LOCAL NUISANCE AND LITTER CONTROL (MISCELLANEOUS) AMENDMENT BILL

Mr PEDERICK (Hammond) (15:41): I rise to make a contribution to the Local Nuisance and Litter Control (Miscellaneous) Amendment Bill 2024. I note that two of the main amendments in this bill are impacting on the management of shopping trolleys, and the installation of air conditioners and exterior lights. I might comment on the exterior lights and air conditioners in the first instance. Urbanisation: from a country member and someone who lives far too close to a highway—it is 800 metres—I can deal with concrete for so long, but then I need to go home.

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PUBLIC WORKS COMMITTEE: INTERMEDIATE REMEDIATION OF THE LOWER MURRAY RECLAIMED IRRIGATION AREA LEVEES

Mr PEDERICK (Hammond) (11:59): In the milliseconds I have left, I certainly support this work. I am disappointed that it has taken 18 months and we are only up to the second stage of the remediation works of the River Murray levees. However, it is welcomed by the community, and I hope that there is appropriate consultation with the community so that locally sourced items are used, including clay. That is a much needed measure to make sure that we do this in a cost-appropriate manner to get the best results for both stakeholders in the region and farmers. They have been frustrated by the time it has taken to get to this stage, but they do welcome this funding. I wish this project all speed.

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ANZAC DAY 2024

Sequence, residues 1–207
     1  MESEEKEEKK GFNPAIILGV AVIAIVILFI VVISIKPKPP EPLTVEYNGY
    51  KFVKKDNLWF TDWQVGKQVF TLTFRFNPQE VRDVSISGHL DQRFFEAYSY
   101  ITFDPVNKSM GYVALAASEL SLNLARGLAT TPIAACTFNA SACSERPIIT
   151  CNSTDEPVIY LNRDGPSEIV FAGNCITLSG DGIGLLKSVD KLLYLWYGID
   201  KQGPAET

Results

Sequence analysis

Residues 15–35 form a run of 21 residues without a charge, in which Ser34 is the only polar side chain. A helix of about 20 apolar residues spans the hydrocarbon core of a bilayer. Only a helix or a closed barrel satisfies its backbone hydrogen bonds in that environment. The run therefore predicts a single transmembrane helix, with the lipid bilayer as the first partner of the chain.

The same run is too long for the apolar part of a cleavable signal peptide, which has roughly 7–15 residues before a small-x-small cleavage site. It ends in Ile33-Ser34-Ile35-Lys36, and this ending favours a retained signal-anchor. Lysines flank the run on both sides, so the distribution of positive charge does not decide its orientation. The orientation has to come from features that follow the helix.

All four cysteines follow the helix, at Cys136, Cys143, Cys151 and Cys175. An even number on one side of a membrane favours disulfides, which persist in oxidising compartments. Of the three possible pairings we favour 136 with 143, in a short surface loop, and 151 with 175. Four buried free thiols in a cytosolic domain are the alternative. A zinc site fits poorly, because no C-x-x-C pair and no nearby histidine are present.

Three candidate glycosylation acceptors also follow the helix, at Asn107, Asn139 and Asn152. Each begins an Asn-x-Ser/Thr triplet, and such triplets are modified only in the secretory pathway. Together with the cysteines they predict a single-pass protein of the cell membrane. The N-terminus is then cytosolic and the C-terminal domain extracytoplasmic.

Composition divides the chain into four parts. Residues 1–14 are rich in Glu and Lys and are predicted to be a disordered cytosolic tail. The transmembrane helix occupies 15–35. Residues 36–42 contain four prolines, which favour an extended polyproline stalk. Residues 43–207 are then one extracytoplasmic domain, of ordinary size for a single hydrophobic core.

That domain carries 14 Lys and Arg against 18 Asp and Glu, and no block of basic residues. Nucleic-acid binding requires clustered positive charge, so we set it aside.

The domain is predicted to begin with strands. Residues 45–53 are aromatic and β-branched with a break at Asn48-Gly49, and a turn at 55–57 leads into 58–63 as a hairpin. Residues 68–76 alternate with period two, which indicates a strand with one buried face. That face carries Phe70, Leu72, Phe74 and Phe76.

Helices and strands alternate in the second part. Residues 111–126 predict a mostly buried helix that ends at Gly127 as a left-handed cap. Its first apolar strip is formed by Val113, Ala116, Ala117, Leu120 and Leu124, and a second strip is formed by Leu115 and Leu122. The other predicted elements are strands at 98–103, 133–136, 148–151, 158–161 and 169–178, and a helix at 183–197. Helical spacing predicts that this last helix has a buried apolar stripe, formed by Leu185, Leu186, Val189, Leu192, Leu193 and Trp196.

Mr PEDERICK (Hammond) (15:06): I rise to talk about ANZAC Day and the commemorations that were held recently. Obviously, ANZAC Day is all about the legend of Australian service men and women over many, many years now—about 125 years if you include those who fought in the Boer War—who landed on the Gallipoli Peninsula and held on for several months. This was a battle that included 489,000 allied troops and 316,000 Turkish troops. Out of those 56,000 allied troops who were killed, there were 7½ thousand Australian troops who made the ultimate sacrifice and 18,500 were wounded. Fifty-six thousand Turkish troops were killed defending their own country. This was a fight that defined Australia.

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SUPPLY BILL 2024

Mr PEDERICK: Well, strange things happen. I rise to speak to the Supply Bill 2024 and note that this is to approve $7,706,000,000 so that we can keep the functions of government running until the budget is fully approved and has gone through the estimates process. This is vital for all the Public Service functions in the state, and certainly we will be supporting this bill.

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STANDING ORDERS COMMITTEE: FIRST NATIONS VOICE

Mr PEDERICK (Hammond) (12:17): I rise to make a contribution in regard to the consideration of the second report of the Standing Orders Committee. This has come about due to the legislation that was passed last year to establish a State Voice, which we on this side were against. Personally, I think legislation by segregation is a terrible thing, but here we are discussing the standing orders that have been worked through in regard to people of Aboriginal descent speaking to the chamber and having access to ministers and the full cabinet, if need be.